3 Listening Skills Managers Should Use To Become Good Leaders


3 Listening Tips To Become A Better Leader. Photo by Mimi Thian

As a manager who has progressed into a position where your day-to-day is less about being responsible for your own personal tasks, but is instead about having a high-level view of the organisation and what drives it, it’s likely that you’ll be missing out on the detail of how tasks are being achieved in your team.

According to PhD and Professor of Psychology, Human Dimension of Organisations and Marketing, Art Markman, the key to becoming effective in your role is “to have regular conversations with those people who are responsible for the details you don’t know, and you need to become a really good questioner and listener.”

To do that, Professor Markman said there are three common-sense skills you have to remember to develop:

Let Other People Talk

Promotions come with additional responsibility, but they also come along with more prestige and status as well. It is tempting to use these roles as an excuse to dominate the meetings you’re in by sharing your opinions and beliefs early and often.

There is certainly some need to share your thoughts on strategy with others, but great leaders let other people talk—a lot.

You need to hear the perspectives of other people in order to get a broader view of what is going on in your organization than just what you are able to see directly. Often, the people with the vantage that differs most from your own are people whose jobs are much lower level than your own. As much as you might be tempted to spend the time sharing your wisdom, you will benefit from ensuring that you hear from a wide range of people.

Ask Follow-Up Questions

When you talk to people above you in the food chain, you make assumptions about what they want to hear. Partly, you try to paint a rosy picture of how things are going. Partly, you try to adopt the kind of strategic mindset you think they have.

Remember that as you move up in the ranks, people start doing that to you as well. That means that you can’t just stop with what people choose to tell you. You need to ask additional questions to get more specific information.

Start by asking people about the most significant challenges they are facing. That will enable them to drop the rose-colored glasses for a moment and give you a sense of some of the problems that make it difficult for them to accomplish their goals.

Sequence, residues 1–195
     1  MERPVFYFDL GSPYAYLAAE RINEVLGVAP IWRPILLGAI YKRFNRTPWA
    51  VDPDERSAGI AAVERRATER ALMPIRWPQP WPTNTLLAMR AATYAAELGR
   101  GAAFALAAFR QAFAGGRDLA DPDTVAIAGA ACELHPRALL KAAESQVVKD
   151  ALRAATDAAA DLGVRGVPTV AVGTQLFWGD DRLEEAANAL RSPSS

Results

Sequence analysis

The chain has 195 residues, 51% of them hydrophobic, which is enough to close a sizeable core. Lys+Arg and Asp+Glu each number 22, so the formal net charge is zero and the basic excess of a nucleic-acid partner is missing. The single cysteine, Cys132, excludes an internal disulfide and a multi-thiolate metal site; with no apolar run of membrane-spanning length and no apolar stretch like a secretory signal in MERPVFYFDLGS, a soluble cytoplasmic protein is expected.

Next, try to dig into the specifics of what they are telling you. Ask how they accomplish particular goals, who is involved, and what resources they use. Use the experience of the people you’re talking with as a way of getting a view of how tasks get implemented.

Repeat Back What Your Hear

It isn’t enough just to hear other people talk about things. When someone gives you a good explanation, you may come to believe you understand it as well. As research on the “illusion of explanatory depth” makes clear, though, you may believe you understand it, but you may not actually be able to explain it yourself.

The best way to ensure that you have retained what you heard from someone else is to repeat it back to them. When you repeat back what you hear, there are two benefits. First, you figure out which aspects of what you heard from someone else you retained, and which aspects were not stored away. Second, you can have any misconceptions about what someone told you cleared up while they are still there to correct you.

In this way, good listening is active listening, because you are doing it in service of developing your ability to explain and use knowledge about what you have heard from someone else.

When you engage in this active listening regularly, you greatly expand your base of knowledge. Because good problem-solving requires drawing on knowledge, the more you know, the better you will be at solving problems that have mystified others.

Jess Singh
https://www.mbanews.com.au Jess Singh is the Managing Editor at MBA News. She has over a decade of content and digital marketing experience in the Australian higher education sector. Jess is also the Chief Content Officer of RGC Media & Marketing (rgcmm.com.au).